Yohan Wahyu – If we look at the still sidelined state of workers and employees, the need to unite and organise oneself should be a big one. The historical facts in Indonesia however show the reverse, with political parties claiming to be based among workers not in fact “selling well” in the eyes of the voting public.
In all the elections held since the reformasi era (the reform era beginning in 1998), political parties that are specifically based on the interests of workers have never shown their fangs. Although they have won a number of seats at the regional level (Regional House of Representatives, DPRD), labour parties have had to acknowledge the low level of public appreciation with a vote share of 1 percent at the national level (at the regional level voters tend to know the candidates better).
The number of political parties accommodating workers’ interests over consecutive elections has tended to decline. In the 1999 general elections there were four labour based political parties, namely the Workers Solidarity Party (PSP), the National Labour Party (PBN), the All Indonesia Workers Solidarity Party (PSPSI) and the Indonesian Workers Party (PPI). In the 2004 elections there was only the Democrat Socialist Labour Party (PBSD), led by labour figure Muchtar Pakpahan. The party later became the Labour Party and was again able to contest the 2009 elections, but did not obtain a seat in the national parliament (House of Representatives, DPR). A similar fate was shared by the Indonesian Workers and Employers Party (PPPI), which failed to garner a meaningful number of votes in the elections.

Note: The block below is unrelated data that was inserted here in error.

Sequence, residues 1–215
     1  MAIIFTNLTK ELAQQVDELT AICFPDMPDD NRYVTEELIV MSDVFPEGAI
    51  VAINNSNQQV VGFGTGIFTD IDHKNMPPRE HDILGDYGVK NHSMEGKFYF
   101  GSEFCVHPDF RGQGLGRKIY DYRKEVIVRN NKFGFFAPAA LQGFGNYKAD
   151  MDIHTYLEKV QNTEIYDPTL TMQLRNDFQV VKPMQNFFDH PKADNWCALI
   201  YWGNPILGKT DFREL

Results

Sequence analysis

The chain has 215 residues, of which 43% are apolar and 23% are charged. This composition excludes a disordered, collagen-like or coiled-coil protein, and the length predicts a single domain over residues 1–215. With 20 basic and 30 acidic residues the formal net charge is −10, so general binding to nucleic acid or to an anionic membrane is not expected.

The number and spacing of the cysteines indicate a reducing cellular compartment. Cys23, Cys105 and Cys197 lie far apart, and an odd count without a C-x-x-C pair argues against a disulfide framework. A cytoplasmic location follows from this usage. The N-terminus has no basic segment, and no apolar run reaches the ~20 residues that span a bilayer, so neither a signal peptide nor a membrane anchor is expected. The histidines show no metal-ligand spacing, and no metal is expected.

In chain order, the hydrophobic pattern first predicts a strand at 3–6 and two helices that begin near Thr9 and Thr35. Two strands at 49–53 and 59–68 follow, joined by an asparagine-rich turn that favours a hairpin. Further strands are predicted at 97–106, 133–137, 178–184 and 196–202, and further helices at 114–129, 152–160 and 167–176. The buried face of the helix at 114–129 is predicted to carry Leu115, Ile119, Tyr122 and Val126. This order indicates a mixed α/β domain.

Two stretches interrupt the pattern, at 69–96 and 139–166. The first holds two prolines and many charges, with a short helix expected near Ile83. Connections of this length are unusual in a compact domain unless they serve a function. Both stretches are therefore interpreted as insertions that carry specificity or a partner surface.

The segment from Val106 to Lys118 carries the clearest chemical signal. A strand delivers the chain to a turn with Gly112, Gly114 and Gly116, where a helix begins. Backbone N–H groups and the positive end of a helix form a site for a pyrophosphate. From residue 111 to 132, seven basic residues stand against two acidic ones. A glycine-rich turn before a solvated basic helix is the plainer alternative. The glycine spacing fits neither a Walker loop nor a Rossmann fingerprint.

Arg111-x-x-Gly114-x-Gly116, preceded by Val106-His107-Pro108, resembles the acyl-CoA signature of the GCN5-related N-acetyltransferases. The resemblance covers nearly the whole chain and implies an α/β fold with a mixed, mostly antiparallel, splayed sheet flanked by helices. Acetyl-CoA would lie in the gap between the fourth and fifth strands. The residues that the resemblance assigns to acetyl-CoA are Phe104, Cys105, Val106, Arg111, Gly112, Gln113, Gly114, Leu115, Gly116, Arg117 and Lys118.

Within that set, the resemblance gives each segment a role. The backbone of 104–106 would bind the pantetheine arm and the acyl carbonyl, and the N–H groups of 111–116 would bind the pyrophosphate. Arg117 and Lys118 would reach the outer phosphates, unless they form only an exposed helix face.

The failure of labour parties in gaining votes at the national level proves that labour related issues are no able to be used as a draw card for the mass of voters to consolidate their political strength. The results of this survey found that the majority of respondents (73.6 percent) said that they were not interested by labour based political parties in the 2009 elections. Moreover a majority of respondents who are categorised as employees or workers also did not vote for labour parties.
This view cannot of course be separated from doubts about the effectiveness of the struggle by labour parties in the midst of the still confusing system and management of political parties in Indonesia. More than half of respondents believe that the presence of political parties that are specifically based on labour organisations will not be effecting in struggling for workers’ welfare, let alone for larger issues. This is further added to by the profile of voters who tend to be influenced by primordial sentiments such as social class, religion or ethnicity in determining their political choices.
This is a signal that the Indonesian public does not yet hold to a similarity of interests and struggle as a basis for determining their political choices. The success stories of labour parties in countries such as Australia, Britain, New Zealand and South Korea do not appear to be an easy thing to realise in this country.
Source: Partai Buruh: Tidak Yakin Efektif – Kompas. Senen, 2 Mei 2011
[Translated by James Balowski.]